We brought him home, and have kept him in a room on our first floor, he has on a helper harness that we use to move him when necessary, to go outside but even when we ge toutside he lays down to go potty. He is very stressed over not being able to walk, because he is so high spirited and determined to be health, so he keeps trying to force himself up to walk and just ends up falling. He crys a lot and tries to move himself around, he sleeps only a few hours a night now because his main focus is fixing his legs, its like he believes if he pushes himself enough his legs will work again. And we have no idea what the best option is for him. 

A life where he can not move is not a life for him, he currently needs 24/7 care and you can tell he hates being so dependent on us. But he is also so strong willed and energetic that putting him down seems like a crime, no way is he mentally ready for that, so we have no idea what decision to make for him.

We just want whatever is best for him, but we feel like no matter what option we choose it eont be the right one. He clesrly wants to keep fighting, but us knowing he might not ever recover makes us wonder if putting him through the fight worth it. Any words of advice?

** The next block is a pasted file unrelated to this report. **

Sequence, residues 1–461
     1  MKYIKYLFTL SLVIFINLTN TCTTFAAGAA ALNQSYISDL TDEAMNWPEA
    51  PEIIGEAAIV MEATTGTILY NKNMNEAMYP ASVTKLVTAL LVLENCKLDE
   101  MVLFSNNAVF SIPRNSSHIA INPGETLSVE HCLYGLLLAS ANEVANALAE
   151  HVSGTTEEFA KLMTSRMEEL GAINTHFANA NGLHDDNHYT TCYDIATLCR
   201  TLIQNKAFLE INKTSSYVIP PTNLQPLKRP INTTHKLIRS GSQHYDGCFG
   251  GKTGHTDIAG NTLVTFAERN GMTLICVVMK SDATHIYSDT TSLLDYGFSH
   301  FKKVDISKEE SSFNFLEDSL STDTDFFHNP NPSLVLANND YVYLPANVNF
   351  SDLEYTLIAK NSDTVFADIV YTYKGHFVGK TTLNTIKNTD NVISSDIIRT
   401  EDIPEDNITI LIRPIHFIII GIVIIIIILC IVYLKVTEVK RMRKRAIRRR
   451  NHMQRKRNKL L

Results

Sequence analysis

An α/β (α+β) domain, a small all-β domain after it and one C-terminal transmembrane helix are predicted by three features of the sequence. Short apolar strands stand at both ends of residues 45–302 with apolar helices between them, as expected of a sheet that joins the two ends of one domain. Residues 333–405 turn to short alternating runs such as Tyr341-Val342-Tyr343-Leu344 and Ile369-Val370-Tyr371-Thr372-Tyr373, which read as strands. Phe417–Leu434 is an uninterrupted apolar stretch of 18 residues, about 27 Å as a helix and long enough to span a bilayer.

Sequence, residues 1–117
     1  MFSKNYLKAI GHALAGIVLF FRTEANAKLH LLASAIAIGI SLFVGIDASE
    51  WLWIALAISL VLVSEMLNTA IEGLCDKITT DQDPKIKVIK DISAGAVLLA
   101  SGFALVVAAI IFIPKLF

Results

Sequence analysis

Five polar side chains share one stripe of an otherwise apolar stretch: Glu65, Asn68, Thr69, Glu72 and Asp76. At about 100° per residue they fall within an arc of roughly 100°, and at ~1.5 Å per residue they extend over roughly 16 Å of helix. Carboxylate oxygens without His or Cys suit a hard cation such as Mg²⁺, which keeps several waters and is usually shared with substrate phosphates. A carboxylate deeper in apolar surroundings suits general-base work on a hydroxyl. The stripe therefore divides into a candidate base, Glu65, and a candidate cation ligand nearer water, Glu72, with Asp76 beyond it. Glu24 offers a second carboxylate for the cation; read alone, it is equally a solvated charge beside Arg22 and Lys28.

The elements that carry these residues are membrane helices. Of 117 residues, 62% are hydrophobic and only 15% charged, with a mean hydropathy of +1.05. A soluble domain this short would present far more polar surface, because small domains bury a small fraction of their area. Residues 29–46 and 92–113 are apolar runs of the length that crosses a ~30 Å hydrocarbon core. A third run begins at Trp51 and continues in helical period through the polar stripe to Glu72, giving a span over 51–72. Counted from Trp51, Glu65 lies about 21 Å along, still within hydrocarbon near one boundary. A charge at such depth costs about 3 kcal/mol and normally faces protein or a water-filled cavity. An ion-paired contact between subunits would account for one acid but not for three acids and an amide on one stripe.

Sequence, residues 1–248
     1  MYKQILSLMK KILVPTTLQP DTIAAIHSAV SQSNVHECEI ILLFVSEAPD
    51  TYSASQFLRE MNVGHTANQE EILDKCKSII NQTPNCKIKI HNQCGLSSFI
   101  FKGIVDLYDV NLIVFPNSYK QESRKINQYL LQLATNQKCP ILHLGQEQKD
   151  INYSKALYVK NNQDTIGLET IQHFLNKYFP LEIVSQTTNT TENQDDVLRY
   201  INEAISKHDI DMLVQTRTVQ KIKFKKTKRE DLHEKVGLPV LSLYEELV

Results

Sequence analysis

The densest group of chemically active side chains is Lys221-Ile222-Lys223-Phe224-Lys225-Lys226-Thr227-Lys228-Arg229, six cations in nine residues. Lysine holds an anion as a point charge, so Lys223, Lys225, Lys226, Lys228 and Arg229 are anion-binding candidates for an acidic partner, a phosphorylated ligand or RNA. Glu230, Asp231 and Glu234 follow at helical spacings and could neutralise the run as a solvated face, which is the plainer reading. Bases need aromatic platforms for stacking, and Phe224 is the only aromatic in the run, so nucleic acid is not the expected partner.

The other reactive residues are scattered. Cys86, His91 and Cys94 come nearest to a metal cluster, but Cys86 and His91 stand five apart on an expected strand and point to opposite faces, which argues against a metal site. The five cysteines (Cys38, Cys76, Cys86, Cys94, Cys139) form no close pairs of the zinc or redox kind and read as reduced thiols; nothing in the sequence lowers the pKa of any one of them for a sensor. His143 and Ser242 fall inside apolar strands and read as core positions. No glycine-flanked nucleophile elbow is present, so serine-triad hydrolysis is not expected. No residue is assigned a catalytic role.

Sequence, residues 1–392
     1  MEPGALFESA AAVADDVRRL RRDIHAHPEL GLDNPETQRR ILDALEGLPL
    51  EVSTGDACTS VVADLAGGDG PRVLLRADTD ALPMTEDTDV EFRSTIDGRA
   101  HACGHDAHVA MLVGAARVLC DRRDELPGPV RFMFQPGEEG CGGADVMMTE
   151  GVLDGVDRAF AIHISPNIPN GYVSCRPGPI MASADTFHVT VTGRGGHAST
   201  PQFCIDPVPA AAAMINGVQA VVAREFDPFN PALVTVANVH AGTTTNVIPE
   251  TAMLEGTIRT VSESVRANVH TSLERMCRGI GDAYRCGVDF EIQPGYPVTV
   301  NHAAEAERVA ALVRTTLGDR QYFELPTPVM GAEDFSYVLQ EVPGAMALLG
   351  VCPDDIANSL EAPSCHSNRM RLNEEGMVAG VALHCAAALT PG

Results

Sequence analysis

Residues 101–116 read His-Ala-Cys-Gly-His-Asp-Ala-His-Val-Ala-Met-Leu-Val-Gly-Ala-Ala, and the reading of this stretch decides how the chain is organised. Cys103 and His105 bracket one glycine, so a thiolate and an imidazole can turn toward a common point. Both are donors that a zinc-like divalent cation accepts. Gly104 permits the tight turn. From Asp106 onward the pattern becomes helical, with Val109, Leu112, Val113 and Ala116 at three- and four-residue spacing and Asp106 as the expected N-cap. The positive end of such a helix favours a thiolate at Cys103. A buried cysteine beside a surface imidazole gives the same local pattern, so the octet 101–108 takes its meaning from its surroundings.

On The Road


Member Since:
24 September 2009
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18 August 2020 - 9:18 am
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Hi Missy and Duke, welcome. Your future posts won't need approval so post away. I almost moved your post to "Hoping Around" because this does sound like it could be a temporary mobility issue and not end-of-life, at least I hope. 

I'm sorry to hear about Duke's mobility issues. This is a tough situation and you are asking great questions. Here are some things to consider:

How long has Duke been like this? Has your regular vet seen Duke yet? Oftentimes ER vets don't have the entire health picture of a dog, and will jump to worst case scenario, putting pet parents on edge and assuming it's the end of the road. Don't do that yet if your regular vet hasn't seen him.